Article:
How to Get Free Financial Aid For College

The average student debt of the Class of 2013 was $27,670. Many press outlets such as the New York Times and the US News & World Report have reported that many students in this country owe a lot more. It is no wonder that many college-bound high school students are gun shy about borrowing money for their post-secondary education.

This article will outline all of the options for financing your college education that you have at your disposal. From scholarships to school aid to federal loans to loans from private institutions, a student should ideally use a couple of ways to fund their college studies. Read on to learn how you can do just that.


Scholarships are money for your college studies that don't have to be repaid. You can find scholarships from some of the following sources:

  • The schools to which you're applying
  • You or your parent's employer
  • Local organizations
  • National corporations
  • Social organizations in your community (church, Boy or Girl Scouts, Knights of Columbus, etc)
  • Your high school

Tips For Finding Scholarships

1. Look for Scholarships in Trusted Sources

There are many duplicitous scholarship websites and databases that claim to give you access to billions of dollars in scholarships for a fee. Don't ever sign up for these services. There are plenty of ways to get information about these scholarships for free. Some of your best free options for your scholarship search including FastWeb (a website), and books such as "The Ultimate Scholarship Book" by Gen and Kelly Tanabe and the "Scholarship Handbook" from The College Board.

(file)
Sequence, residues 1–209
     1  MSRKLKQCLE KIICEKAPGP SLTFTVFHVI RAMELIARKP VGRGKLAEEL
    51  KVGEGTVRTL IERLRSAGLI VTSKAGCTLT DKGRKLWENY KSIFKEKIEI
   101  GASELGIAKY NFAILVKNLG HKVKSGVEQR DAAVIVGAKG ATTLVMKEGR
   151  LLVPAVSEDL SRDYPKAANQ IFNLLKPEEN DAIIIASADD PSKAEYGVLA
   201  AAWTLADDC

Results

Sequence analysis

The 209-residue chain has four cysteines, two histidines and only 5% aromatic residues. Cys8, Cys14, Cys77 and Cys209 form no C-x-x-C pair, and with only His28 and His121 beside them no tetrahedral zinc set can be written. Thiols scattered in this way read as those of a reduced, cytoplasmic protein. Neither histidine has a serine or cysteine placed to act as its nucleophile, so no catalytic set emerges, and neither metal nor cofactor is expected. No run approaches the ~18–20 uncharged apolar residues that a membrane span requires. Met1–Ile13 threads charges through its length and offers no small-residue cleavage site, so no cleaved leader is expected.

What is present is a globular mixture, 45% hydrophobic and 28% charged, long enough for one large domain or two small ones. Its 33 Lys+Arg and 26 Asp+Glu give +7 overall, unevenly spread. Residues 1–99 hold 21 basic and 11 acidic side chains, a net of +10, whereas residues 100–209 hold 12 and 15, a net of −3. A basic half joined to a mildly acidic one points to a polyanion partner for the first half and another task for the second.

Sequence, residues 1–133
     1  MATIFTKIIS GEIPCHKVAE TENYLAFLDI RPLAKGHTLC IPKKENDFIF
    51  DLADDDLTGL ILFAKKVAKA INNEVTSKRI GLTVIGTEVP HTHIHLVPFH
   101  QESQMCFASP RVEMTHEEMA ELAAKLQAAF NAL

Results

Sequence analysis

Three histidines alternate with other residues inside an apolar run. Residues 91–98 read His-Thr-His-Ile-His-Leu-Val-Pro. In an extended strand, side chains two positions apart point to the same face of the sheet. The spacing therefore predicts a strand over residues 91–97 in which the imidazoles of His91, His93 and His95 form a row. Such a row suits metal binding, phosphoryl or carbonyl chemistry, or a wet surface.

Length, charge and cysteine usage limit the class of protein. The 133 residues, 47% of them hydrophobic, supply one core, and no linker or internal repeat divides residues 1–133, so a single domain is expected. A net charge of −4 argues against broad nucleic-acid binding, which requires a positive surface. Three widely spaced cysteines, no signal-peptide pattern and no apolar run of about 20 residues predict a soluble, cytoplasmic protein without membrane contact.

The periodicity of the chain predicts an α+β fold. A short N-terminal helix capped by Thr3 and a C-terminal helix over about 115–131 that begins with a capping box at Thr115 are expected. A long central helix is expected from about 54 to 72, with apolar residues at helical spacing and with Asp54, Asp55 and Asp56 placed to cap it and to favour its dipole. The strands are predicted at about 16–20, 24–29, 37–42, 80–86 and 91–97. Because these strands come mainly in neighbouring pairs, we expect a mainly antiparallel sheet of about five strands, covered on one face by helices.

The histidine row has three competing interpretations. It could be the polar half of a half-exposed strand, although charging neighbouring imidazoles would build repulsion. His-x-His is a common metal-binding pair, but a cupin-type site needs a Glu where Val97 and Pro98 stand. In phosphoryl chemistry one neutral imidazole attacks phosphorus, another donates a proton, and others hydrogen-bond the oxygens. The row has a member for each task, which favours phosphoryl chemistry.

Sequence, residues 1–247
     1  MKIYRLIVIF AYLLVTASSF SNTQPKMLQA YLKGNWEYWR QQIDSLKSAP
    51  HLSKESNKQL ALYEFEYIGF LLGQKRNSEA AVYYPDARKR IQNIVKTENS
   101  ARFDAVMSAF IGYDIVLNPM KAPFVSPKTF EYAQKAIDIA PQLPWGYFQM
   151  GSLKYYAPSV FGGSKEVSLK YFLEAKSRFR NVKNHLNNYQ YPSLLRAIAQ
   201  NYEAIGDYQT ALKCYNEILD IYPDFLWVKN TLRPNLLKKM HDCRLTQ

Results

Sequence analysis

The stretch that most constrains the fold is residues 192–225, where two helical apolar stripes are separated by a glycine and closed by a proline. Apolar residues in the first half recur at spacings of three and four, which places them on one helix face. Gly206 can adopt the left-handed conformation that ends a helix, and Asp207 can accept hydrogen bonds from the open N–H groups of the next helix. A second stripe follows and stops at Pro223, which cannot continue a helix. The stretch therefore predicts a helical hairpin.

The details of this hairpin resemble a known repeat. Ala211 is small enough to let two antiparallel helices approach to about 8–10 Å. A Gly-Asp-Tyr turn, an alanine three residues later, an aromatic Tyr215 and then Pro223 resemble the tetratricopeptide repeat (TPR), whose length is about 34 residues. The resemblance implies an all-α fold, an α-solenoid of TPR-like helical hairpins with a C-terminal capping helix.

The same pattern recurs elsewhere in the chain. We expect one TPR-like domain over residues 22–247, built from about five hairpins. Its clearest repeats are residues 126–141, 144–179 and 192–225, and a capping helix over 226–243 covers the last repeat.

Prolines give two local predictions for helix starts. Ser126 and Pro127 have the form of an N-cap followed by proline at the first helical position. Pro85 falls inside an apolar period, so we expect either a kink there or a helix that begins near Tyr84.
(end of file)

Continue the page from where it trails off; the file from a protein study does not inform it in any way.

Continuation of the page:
2. Ask Other People To Help You Look For Scholarships

Enlist the help of your friends, family and teachers to help you locate scholarships that you have a good chance of winning. Your parent might hear of a scholarship that their employer awards to the children of their employees, or your English teacher might hear of a poetry scholarship that matches your interest in literature. Having other people be on the lookout for scholarship opportunities increases your chance of finding free money for college.

3. Be Picky

There are almost as many scholarships as there are high school seniors in this country. You can easily spend a lot of your time applying for scholarships that you have little chance of winning. Carefully read the rules and guidelines of the scholarship before applying. A community service award will often put more emphasis on the applicants' volunteer experience than on their science grades. You will also have little chance of winning an academic scholarship if your GPA is 2.0.

Using your creativity and intellectual muscle to pay for college will increase your odds of getting award money that you will not have to repay. Gen and Kelly Tanabe, both Harvard graduates and authors of "The Ultimate Scholarship Book", each paid for every cent of their tuition through scholarships. Even if you have to take out some federal or private loans, doing your part to reduce your reliance on loans can give you valuable benefits such as reduced amounts of debt and more options for employment after graduation.